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Student Progress Testing in Math Goes High-Tech

Mizzou Professor Part of $1.5 Million Grant to Develop Curriculum-Based Measurement Tool

Sept. 6, 2007

Story Contact:  Jennifer Faddis, 573-882-6217,

COLUMBIA, Mo. — As the nation's teachers are continually pushed to show improvements in student outcomes, waiting until the end of the year for progress testing may be a little too late. But now, due in part to a $1.5 million grant by the U.S. Department of Education's Institute of Education Sciences (IES) and the research of Erica Lembke, assistant professor of special education at the University of Missouri-Columbia's College of Education, elementary teachers will soon have the ability to monitor student progress by entering data on an electronic handheld device, receiving immediate feedback on student performance.

Partnering with Wireless Generation, an education company known for mobile and Web-based assessment and reporting tools, and Herbert Ginsburg and Young Sun Lee, professors at Teachers College, Columbia University, Lembke will help develop mCLASS: Math. This handheld computer program enables teachers to give quick, one-minute assessments and follow-up diagnostic interviews and see resulting data immediately, creating a picture of student progress. The information can then be transferred to the teachers' computers, making the information immediately available to principals, special educators and parents.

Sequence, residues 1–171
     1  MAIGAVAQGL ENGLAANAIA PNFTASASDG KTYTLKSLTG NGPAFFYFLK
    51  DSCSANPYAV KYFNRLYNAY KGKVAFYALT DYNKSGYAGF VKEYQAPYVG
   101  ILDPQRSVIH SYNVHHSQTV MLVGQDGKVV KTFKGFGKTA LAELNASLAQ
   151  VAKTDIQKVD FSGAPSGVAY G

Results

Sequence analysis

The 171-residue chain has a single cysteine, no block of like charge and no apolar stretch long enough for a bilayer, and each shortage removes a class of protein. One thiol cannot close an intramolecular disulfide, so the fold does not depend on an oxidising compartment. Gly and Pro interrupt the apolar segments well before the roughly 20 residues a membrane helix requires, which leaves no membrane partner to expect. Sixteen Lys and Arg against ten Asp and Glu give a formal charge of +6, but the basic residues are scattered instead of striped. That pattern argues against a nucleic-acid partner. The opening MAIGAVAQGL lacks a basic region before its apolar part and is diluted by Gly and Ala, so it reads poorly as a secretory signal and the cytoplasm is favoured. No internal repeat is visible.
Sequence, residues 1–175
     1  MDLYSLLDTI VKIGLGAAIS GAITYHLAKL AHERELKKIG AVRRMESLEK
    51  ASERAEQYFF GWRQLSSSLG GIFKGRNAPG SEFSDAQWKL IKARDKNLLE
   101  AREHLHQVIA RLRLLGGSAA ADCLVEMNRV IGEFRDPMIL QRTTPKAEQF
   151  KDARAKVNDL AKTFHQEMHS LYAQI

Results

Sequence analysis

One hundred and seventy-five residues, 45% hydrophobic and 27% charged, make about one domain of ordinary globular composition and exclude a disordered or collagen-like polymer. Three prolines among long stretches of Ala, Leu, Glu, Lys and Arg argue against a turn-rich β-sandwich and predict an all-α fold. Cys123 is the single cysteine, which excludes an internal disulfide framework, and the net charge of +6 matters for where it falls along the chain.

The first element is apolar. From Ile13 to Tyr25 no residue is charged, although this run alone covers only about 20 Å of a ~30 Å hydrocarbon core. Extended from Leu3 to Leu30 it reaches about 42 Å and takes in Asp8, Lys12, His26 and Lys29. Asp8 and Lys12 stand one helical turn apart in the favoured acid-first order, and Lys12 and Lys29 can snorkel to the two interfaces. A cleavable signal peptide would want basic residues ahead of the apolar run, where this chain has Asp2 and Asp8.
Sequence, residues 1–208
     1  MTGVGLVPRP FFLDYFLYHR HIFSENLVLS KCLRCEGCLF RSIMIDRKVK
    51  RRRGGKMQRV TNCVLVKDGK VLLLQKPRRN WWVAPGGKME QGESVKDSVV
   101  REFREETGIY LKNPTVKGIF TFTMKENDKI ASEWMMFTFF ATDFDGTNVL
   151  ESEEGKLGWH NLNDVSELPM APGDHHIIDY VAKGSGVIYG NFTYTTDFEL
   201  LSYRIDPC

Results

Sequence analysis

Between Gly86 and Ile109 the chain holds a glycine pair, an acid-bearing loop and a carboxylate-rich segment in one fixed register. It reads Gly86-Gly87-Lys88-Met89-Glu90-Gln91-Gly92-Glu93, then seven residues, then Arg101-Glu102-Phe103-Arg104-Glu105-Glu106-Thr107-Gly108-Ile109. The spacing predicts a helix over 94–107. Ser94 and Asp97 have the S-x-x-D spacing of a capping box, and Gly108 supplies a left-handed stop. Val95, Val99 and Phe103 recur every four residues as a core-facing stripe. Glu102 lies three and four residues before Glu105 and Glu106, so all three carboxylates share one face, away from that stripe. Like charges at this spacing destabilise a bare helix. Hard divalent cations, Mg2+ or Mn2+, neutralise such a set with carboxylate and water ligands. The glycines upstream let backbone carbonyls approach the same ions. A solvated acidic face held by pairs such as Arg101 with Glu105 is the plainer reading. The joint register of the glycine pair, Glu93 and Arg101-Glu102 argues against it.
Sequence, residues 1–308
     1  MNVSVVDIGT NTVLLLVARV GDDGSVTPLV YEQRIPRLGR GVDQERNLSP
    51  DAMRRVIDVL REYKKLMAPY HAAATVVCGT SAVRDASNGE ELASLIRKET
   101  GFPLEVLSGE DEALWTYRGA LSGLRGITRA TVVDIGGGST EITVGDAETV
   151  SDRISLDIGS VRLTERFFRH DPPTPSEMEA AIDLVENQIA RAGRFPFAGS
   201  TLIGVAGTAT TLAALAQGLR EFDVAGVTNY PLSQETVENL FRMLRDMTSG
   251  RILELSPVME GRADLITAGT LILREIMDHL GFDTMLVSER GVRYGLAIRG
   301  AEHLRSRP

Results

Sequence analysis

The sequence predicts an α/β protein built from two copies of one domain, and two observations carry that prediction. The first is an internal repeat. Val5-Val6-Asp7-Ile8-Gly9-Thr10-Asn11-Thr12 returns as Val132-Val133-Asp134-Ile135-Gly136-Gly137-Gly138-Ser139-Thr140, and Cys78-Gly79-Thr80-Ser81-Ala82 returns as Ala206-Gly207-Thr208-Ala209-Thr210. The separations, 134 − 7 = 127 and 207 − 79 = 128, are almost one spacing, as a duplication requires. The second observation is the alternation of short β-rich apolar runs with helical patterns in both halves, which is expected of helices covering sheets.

"If your performance is judged on only one high-stakes test, you can see how that might be inadequate. This technology will enable teachers to catch children who are struggling, predict who needs more help and boost performance prior to high stakes testing," said Lembke, who also is a trainer for the National Center on Student Progress Monitoring. "There are so many critical school factors that are tied to assessments, so having a system that teachers can believe in and trust is very important."

Modeled after her similar work with early elementary reading, Lembke has focused her research on Curriculum Based Measurement (CBM), an assessment method that helps teachers gather telling and practical data on student progress. CBM suggests that teachers administer a mini test to students once or twice each week. From the test results, teachers can graph and track student progress. The new handheld program will make CBM easier and less time-consuming for teachers. Lembke and her colleagues will conduct field studies with the new program at school districts in Missouri, Nevada and Pennsylvania.

"There is a widespread concern about U.S. children's math performance," said Margaret Honey, senior vice president of research at Wireless Generation. "But we can turn the tide by starting in early school years, and giving teachers the tools and insights into students' learning needed to deliver high quality, effective instruction."

By providing current data on how students are performing, teachers can modify their way of teaching to try to find an approach that will help meet academic goals. Using the IES grant to conduct field studies, Lembke is hopeful that she will be able to develop new CBM methods in other elementary subjects and secondary classrooms.

"We need to keep track of our students' academic performance and progress," Lembke said. "Educators are responsible for ensuring that kids are learning and this is a quick and simple way for teachers to assess and showcase their students' progress."